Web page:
On April 16, 2019, CCI ordered an investigation into the information filed by three consumers of Android based smartphones in India, namely Mr. Umar Javeed, Ms. Sukarma Thapar and Mr. Aaqib Javeed ('Informants') against Google LLC and Google India Private Limited (collectively, referred to as 'Google').1 The allegations in the information were under Section 4 of the Act and related to Google's Android operating system, which is an open-source, mobile operating system ('Android OS') installed by original equipment manufacturers of smartphones and tablets ('OEMs').
The key allegations in the information related mainly to two agreements, i.e., the Mobile Application Distribution Agreement ('MADA'), and the Anti Fragmentation Agreement ('AFA'), which were entered into by the OEMs of Android OS with Google. Under the AFA, OEMs were restricted from developing and marketing the incompatible modified version of Android OS, Android forks, on other devices, which is alleged to restrict access to potentially superior versions of Android OS. AFA is a pre-condition to signing the MADA. It was further alleged that while signing the MADA is optional, OEMs are required to pre-install Google's own applications in order to get any part of Google Mobile Services ('GMS'), i.e., Google applications like Maps, Gmail and Youtube, thereby hindering development of rival applications.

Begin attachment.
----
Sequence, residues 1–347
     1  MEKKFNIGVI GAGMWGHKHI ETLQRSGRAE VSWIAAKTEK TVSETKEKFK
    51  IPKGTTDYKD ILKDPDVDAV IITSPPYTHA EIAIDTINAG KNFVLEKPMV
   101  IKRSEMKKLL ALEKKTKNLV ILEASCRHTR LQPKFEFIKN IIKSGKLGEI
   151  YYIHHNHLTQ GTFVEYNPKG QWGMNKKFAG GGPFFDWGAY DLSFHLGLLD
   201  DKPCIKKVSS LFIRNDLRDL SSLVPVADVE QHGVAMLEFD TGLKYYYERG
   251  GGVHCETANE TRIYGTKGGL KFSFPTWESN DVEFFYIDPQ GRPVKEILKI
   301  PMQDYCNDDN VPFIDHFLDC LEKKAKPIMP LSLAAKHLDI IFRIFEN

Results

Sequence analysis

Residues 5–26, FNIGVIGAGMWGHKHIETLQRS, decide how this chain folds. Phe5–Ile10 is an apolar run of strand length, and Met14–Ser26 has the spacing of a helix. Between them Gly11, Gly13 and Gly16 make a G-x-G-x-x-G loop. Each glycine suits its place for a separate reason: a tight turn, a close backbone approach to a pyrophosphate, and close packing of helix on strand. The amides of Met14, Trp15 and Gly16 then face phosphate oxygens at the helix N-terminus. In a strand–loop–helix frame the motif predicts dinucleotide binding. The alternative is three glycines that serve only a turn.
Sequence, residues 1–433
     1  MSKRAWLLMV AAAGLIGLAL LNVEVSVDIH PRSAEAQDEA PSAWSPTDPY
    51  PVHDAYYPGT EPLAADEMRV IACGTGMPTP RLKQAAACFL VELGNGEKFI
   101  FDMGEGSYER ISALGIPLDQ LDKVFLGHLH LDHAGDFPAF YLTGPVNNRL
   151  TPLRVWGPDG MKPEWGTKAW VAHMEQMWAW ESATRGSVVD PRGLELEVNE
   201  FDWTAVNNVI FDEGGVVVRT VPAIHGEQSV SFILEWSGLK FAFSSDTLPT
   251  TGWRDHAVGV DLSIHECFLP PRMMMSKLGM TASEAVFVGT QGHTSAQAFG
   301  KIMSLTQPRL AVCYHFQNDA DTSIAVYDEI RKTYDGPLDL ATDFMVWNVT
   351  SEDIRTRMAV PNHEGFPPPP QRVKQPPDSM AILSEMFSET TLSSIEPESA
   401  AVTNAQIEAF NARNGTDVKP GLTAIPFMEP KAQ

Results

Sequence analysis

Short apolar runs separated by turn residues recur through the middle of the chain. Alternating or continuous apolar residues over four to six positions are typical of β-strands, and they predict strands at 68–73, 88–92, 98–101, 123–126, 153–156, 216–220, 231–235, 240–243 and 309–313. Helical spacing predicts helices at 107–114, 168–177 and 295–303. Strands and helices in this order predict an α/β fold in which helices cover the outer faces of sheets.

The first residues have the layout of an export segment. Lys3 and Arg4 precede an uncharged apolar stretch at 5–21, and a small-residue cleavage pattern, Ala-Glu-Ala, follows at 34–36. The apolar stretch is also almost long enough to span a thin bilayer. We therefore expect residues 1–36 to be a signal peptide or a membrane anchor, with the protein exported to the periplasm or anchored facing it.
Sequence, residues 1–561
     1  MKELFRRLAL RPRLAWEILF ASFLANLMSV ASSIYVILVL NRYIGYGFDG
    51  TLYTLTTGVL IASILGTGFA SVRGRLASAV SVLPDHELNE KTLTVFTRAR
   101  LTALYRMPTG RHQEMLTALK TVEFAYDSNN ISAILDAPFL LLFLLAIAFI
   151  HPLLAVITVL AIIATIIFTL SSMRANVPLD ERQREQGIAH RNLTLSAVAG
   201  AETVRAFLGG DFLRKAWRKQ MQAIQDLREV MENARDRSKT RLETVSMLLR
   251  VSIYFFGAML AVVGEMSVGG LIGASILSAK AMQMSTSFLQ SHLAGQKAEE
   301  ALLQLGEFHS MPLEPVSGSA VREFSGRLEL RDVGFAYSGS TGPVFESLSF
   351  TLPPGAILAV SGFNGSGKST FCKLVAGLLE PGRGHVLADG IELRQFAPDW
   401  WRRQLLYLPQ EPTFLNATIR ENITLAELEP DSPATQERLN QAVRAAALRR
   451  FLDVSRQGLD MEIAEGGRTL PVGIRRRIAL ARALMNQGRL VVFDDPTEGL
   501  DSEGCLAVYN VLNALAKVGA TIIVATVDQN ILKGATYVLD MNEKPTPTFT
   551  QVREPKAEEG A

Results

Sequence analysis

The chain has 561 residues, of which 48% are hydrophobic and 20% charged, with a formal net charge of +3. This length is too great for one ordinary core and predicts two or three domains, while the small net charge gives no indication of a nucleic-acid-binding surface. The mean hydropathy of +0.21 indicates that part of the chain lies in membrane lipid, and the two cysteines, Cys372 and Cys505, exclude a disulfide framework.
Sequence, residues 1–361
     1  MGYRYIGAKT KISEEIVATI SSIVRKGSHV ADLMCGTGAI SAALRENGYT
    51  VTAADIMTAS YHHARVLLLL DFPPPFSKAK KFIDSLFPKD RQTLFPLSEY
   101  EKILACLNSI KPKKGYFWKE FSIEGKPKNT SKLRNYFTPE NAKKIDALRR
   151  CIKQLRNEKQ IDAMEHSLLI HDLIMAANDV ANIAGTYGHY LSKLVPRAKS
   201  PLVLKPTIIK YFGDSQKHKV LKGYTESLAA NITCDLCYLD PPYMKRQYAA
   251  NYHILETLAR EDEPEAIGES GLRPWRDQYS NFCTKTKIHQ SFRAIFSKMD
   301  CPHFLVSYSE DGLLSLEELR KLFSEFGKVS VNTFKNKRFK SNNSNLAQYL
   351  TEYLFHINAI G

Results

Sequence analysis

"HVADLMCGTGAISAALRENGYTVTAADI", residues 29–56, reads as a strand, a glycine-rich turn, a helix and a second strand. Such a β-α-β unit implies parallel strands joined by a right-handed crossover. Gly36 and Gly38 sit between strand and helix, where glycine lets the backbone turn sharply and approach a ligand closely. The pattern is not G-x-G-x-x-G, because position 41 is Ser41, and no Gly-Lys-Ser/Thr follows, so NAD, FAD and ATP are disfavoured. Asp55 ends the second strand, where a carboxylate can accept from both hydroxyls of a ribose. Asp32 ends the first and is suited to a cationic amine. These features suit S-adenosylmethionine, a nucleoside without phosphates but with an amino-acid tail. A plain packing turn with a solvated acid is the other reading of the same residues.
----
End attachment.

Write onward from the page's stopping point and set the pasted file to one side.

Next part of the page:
For the purpose of assessment, CCI prima facie delineated the following relevant markets: 'market for licensable smart mobile device operating systems in India', 'app stores for android mobile operating systems' and 'general web search service' and found Google to be prima facie dominant in these markets. Separately, CCI also noted that each application like online hosting platform, browser, map, could be a separate relevant market.
CCI issued an order under Section 26(1) of the Act, instructing the Director General ('DG') to investigate Google on the allegations made in the information, based on the following factors:
- AFA: According to CCI, conditions under the AFA, prima facie seem to reduce the ability and incentive of OEMs to develop and sell alternative versions of Android OS, in contravention of Section 4(2)(b) of the Act, i.e., limiting technical or scientific development relating to goods and services to the prejudice of consumers; and
- MADA: According to CCI, conditions under the MADA, i.e., mandatory pre-installation of GMS suite, prima facie seem to amount to imposition of unfair condition on the OEMs in contravention of Section 4(2)(a)(i) of the Act.
 Case no. 39 of 2018
Published In:Inter Alia Special Edition- Competition Law - August 2019 [ English
Date: August 7, 2019
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